By Michele Pilon
President/Chief Nursing Officer, Transylvania Regional Hospital
The healthcare industry has gone through sweeping changes during the last 20 years: value-based care has replaced traditional fee-for-service billing, patients have become much more active participants in their own care and the teams who deliver care have grown. Previously, care was provided almost exclusively by physicians and nurses, but today, care teams are comprised of additional team members known as advanced practitioners, including physician assistants and nurse practitioners. In addition, hospitalists, who are physicians, now fill a unique role in patient care and care coordination.
We periodically hear from patients who are concerned that they saw another care team member as opposed to a physician, and I wanted to use this week’s column to explain who these members of the modern care team are, and that their addition to the roster of caregivers at Transylvania Regional Hospital (TRH) benefits patients tremendously.
It used to be common for one physician to manage a patient’s care wherever that patient’s medical needs might take them, from the clinic setting to the hospital. Modern healthcare has transitioned away from that care model to one in which patients are seen by different, but equally highly trained and competent clinicians. Multiple factors prompted this shift, including greater demand for healthcare services due to a growing aging patient demographic and a chronic shortage of physicians. The care-team model has become the norm, especially at rural hospitals where there are generally fewer physicians, so that care can be administered more seamlessly and more safely. With a team of professionals overseeing a patient’s “care journey” if you will, the advanced practitioners often have a narrower scope of expertise, which complements both a primary care provider’s more general oversight and a specialist’s very specific focus.
Who are the advanced practitioners you’re likely to encounter at TRH and what do they do? Physician assistants, or PAs, are rigorously trained and can do many of the things physicians do, including diagnosing illnesses, counseling patients about preventive care, assisting in surgery, creating treatment plans and prescribing medications. Also like physicians, they can specialize in areas such as emergency medicine, primary care and psychiatric care. They work closely with physicians on developing, monitoring and executing treatment plans for patients. In addition, their care is supervised by a physician. An interesting fact about PAs is that their training originates from a World War II-era program where military medics were trained in an abbreviated, accelerated educational track modeled on traditional medical school for physicians.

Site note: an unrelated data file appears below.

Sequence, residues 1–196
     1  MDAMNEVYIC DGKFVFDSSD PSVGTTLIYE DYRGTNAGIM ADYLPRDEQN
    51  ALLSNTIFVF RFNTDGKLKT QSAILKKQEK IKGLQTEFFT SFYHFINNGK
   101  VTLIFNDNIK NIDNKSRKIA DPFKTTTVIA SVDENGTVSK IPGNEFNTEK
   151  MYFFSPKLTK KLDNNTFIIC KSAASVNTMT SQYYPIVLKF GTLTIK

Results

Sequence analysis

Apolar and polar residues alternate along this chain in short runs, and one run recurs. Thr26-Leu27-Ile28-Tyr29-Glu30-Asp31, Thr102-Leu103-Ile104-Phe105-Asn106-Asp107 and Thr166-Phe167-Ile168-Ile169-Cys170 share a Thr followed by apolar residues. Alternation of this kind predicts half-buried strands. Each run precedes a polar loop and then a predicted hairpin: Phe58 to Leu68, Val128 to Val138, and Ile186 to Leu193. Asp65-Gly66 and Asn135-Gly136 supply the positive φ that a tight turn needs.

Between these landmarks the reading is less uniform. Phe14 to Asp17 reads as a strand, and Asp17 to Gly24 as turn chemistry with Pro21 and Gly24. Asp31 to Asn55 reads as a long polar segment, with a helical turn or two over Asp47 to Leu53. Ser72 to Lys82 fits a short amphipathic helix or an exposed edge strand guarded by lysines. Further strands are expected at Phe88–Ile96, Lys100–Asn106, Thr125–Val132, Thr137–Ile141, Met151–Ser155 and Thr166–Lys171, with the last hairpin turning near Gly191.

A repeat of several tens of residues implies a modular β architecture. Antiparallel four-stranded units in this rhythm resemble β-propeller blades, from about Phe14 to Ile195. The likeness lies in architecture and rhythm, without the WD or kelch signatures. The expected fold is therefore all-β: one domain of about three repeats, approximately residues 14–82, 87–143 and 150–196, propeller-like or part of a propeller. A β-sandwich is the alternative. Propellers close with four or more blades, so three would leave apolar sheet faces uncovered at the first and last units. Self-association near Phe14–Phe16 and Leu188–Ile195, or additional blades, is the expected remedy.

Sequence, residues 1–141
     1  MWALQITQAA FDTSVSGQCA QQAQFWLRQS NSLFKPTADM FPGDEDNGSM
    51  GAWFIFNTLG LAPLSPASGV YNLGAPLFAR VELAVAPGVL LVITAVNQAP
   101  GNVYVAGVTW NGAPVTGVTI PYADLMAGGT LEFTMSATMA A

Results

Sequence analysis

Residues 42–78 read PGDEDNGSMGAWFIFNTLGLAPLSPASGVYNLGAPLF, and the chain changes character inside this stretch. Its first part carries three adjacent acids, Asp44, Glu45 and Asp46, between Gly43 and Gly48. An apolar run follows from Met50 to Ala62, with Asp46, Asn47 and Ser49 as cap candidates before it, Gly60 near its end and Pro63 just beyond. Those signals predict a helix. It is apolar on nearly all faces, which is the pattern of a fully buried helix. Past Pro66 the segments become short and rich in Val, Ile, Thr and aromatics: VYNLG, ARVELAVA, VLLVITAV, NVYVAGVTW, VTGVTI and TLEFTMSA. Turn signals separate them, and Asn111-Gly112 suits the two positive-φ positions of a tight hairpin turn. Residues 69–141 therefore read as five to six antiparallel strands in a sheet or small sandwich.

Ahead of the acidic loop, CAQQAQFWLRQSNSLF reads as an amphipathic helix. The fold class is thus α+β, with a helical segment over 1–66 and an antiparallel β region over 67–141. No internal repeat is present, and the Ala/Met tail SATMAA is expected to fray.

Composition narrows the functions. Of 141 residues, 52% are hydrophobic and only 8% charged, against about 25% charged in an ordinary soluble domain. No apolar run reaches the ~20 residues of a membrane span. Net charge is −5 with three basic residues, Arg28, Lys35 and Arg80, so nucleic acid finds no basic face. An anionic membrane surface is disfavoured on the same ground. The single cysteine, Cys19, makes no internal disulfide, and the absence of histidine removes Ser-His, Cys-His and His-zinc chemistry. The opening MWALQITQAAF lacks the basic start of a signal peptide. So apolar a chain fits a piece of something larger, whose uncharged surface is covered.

Nurse practitioners, or NPs, are what is known as advanced practice registered nurses (APRNs), and they too are licensed clinicians who hold a graduate nursing degree. They treat patients and counsel them on preventive care and, like PAs, can prescribe medication. NPs can specialize in areas like women’s health, oncology and pediatrics, and can concentrate on areas of care like cardiovascular health, so they permeate every level of healthcare.
The hospitalist, a physician, is the clinician who rounds out the care team, supervises both PAs and NPs, and focuses on inpatient treatment. They follow patients during their hospital stay and lay the groundwork for continuity and future care by communicating effectively with the patient’s primary care physician. This allows the primary care physician to deliver the most informed treatment – based upon the patient’s up-to-date medical history.
TRH utilizes PAs and NPs in the emergency department, hospital inpatients units and various physician practices, while the hospitalists care for hospital inpatients. This collaborative model of care, with multiple clinicians working together to treat and manage a patient’s experience, has been linked to higher quality outcomes, lower rates of hospital readmission and overall better patient monitoring.
Know that TRH is using this standard of care because evidence backs it up – community members will receive even better care with the combined attention and expertise of our advanced practitioners and hospitalist physicians. Please look for profiles on some of our talented team members in upcoming President Columns. It takes a village, as the saying goes, and the collaborative care model proves that.
Michele Pilon, MS, BSN, RN, NE-BC, is the President and CNO of Transylvania Regional Hospital. Her diverse professional experience includes service as a bedside nurse and over a decade as a leader at healthcare institutions in Virginia, Florida, and North Carolina. Ms. Pilon earned a Bachelor’s in Nursing from Ohio’s University of Akron and a Masters in Health Services Administration from the University of St. Francis in Illinois; she is also a Board-Certified Nursing Executive.